A few days later when doing some washing I opened the boiler cupboard where I keep my washing tablets and there on the top of the boiler were the two pork chops. He had also put a packet of butter on top of the boiler to defrost and it had melted and run all down the sides of the boiler. A fire risk. When anything went missing, food wise I looked in the boiler cupboard first.

Horrid, horrid disease,

Jay
 

Kazzi

Registered User
Oct 21, 2011
13
Hi

We have had the same problems with my father in law for some time. Now we just take it for granted and when we visit search everywhere to see what we can find. He lives on his own and he goes to a day centre 5 days a week but they do him a sandwich etc for his tea when he comes home. We buy him food every week, things he can just eat when he wants it like biscuits, fruit, crisps, but they disappear all the time. We find them in drawers, under cushions, in the bed, under pillows, everywhere. We have had the same thing with milk going off and have no idea what he does with it. We now just get him things we know he will eat and that doesn't go off.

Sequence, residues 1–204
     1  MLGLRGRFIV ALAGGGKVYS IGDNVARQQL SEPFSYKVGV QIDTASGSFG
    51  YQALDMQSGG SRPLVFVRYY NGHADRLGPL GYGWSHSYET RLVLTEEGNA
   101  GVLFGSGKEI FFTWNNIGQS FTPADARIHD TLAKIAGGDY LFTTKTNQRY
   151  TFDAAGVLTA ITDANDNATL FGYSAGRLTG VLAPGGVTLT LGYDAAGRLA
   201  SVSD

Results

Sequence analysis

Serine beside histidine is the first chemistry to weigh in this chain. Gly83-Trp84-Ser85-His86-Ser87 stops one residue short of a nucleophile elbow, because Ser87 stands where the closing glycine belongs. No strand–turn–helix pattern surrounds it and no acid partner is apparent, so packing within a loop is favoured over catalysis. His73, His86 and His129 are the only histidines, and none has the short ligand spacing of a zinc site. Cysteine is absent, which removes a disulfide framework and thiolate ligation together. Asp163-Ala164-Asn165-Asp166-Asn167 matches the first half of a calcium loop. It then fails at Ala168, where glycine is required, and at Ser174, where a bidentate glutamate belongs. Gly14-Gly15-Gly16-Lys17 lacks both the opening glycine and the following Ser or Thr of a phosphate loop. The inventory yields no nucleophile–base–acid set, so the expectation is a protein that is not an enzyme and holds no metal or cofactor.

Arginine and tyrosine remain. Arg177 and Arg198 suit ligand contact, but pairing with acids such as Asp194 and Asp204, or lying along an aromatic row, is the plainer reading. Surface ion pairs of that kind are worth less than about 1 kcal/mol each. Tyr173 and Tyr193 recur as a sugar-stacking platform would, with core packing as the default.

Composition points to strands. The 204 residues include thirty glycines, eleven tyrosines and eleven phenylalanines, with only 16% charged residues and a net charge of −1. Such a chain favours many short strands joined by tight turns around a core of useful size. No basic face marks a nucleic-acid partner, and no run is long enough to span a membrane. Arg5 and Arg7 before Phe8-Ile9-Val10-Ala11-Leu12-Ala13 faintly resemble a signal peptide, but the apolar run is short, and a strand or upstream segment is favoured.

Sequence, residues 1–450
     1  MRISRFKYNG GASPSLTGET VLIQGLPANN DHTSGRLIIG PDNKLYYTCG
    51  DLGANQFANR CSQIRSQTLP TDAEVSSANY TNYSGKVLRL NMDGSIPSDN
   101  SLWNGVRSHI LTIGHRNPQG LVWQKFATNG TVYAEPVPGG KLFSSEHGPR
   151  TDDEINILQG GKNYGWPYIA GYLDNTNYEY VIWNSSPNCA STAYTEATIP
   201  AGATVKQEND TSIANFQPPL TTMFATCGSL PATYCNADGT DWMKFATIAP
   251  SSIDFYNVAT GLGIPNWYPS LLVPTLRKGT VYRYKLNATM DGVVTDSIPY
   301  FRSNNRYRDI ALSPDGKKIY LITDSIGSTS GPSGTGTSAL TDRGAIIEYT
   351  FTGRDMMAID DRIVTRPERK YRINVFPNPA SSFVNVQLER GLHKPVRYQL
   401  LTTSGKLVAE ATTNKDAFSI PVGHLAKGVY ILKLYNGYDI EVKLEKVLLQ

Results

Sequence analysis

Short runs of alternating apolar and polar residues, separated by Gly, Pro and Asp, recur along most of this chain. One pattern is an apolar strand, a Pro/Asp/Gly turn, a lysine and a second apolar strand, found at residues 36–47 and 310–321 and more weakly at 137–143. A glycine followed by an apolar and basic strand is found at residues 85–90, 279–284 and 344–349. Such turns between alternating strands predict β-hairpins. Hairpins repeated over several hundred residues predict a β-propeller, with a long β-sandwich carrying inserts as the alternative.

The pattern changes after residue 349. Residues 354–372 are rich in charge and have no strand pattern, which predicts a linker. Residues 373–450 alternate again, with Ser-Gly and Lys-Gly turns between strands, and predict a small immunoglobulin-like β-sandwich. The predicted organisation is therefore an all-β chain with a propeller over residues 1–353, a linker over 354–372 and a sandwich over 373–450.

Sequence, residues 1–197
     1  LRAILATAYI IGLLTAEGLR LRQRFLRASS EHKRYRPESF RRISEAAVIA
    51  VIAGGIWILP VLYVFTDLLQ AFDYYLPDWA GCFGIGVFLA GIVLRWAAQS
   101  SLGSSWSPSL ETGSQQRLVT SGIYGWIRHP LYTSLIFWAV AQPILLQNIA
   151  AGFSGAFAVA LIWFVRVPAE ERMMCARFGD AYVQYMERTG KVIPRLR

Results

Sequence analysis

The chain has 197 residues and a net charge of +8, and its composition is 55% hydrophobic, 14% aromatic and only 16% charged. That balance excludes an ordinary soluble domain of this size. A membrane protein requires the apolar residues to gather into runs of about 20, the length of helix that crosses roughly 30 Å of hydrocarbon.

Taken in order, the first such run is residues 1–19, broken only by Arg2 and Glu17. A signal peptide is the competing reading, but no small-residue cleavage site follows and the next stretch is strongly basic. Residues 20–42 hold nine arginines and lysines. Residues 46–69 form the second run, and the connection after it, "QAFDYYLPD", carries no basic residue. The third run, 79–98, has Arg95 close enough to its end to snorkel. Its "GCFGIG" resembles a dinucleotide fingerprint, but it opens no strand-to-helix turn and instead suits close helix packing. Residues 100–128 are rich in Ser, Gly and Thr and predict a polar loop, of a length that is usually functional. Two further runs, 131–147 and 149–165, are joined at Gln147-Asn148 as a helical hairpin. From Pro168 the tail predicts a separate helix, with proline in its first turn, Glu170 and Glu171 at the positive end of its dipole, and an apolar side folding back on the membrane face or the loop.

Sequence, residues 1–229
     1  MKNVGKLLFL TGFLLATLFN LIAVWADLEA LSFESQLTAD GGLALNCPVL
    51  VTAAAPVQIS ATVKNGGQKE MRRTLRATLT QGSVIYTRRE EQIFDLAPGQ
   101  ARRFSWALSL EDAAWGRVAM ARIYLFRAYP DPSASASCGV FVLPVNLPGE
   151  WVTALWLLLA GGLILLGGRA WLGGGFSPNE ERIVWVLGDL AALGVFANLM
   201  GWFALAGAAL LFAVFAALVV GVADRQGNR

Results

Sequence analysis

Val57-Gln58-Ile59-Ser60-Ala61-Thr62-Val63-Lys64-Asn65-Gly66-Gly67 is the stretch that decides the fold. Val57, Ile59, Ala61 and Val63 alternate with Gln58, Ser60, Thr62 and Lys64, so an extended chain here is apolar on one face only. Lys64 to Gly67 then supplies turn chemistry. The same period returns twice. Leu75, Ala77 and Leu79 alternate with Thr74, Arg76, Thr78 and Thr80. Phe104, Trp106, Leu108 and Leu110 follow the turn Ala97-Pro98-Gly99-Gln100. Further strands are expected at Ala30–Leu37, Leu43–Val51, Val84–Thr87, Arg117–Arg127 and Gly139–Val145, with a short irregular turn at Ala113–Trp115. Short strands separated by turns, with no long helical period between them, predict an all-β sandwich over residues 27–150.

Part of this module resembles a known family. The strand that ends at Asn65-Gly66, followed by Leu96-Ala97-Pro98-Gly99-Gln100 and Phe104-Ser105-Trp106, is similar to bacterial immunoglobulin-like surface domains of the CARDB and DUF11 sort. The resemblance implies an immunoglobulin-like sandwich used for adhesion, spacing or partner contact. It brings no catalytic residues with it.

No help I'm afraid but we have just accepted it, don't get stressed about it and just cope.
 

trigger

Account on hold
Aug 25, 2009
138
Plymstock Devon
FED UP!! this dementia is starting to cost a fortune!

Has anyone experienced this??

Ive told my mum its warm please dont leave the milk in the lounge put it back in the fridge? it goes off then weve no milk left but she keeps doing it??:mad:


Now she keeps putting CHEESE AND BUTTER IN THE BREADBIN so its nice and warm and runny????????????

Am tearing my hair out(lucky I have thick hair and can afford to lose a few strands but may end up bald after this:eek:)

then she asks what im doing with all her money?????? any suggestions this is starting to cost alot!:(